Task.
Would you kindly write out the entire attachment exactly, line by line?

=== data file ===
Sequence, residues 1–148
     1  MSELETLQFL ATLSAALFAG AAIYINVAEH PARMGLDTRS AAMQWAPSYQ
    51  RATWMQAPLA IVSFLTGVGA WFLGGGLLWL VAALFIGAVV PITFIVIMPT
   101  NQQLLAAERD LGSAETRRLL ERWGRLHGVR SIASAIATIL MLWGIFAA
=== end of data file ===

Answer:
Sequence, residues 1–148
     1  MSELETLQFL ATLSAALFAG AAIYINVAEH PARMGLDTRS AAMQWAPSYQ
    51  RATWMQAPLA IVSFLTGVGA WFLGGGLLWL VAALFIGAVV PITFIVIMPT
   101  NQQLLAAERD LGSAETRRLL ERWGRLHGVR SIASAIATIL MLWGIFAA